Building walls on the seafloor could halt the slide of undersea glaciers melting in the deep ocean and ultimately hold back rising sea levels resulting from global warming, according to a study published Thursday in the European Geosciences Union journal The Cryosphere.
The report suggested altering the surface of the seafloor near glaciers flowing into the ocean as a way of preventing them from melting further.
This process, called glacial geoengineering, would entail the construction of isolated columns or mounds on the sea floor.
On a smaller scale, the structures would extend about 300 meters high and would have about a 30 percent probability of preventing a runaway collapse of ice sheets in the west Antarctic.
A larger initiative, which is beyond the size of existing large civil engineering projects, would have higher chances of success and could even cause ice sheets to regain mass, researchers said.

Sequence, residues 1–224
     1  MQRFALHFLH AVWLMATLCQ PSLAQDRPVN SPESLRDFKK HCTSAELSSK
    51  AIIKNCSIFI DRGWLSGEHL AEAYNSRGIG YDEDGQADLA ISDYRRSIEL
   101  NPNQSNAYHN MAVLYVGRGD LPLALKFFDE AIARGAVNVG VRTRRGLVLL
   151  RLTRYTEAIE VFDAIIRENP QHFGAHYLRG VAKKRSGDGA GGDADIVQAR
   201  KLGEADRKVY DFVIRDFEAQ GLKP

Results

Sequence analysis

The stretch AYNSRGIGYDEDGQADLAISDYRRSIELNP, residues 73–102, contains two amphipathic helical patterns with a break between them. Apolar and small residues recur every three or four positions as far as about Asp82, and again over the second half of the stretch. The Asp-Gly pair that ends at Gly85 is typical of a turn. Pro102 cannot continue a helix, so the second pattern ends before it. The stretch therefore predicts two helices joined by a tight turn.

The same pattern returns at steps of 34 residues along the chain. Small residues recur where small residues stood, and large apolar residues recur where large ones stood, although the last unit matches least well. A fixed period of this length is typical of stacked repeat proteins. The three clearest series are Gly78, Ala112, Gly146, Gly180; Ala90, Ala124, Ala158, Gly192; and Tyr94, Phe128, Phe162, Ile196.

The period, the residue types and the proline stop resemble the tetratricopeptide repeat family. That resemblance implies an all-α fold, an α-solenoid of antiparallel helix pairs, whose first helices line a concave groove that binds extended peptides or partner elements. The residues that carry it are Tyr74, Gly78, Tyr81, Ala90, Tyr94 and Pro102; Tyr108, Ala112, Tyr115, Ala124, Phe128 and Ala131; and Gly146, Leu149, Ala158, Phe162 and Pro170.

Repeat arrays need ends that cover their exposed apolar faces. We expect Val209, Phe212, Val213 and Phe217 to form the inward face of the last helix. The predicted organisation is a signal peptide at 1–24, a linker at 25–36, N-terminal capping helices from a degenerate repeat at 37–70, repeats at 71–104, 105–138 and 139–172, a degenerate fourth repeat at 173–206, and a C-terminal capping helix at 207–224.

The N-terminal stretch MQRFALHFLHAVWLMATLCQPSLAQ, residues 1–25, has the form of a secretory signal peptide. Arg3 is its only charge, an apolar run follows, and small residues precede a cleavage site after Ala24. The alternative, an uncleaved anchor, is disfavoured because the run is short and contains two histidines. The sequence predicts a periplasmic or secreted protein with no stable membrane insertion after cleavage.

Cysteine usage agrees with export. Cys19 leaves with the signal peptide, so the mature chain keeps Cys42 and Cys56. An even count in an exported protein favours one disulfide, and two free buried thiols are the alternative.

"We all understand that we have an urgent professional obligation to determine how much sea level rise society should expect, and how fast that sea level rise is likely to come," study author Michael Wolovick said in a statement. "However, we would argue that there is also an obligation to try to come up with ways that society could protect itself against a rapid ice-sheet collapse."
Recent research has suggested that warm water beneath ice shelves was a contributor to ice loss in west Antarctica.
NASA's Jet Propulsion Laboratory outlined this in 2016 in a report published in the journal Nature Communications, which said increased circulation of warm water beneath the ice shelf was likely the main contributor to ice loss in the region.
The proposed project could help combat the effects of climate change, but Wolovick cautioned that reducing emissions still remained key to stopping climate change and its dramatic effects.
"The more carbon we emit, the less likely it becomes that the ice sheets will survive in the long term at anything close to their present volume," he said.
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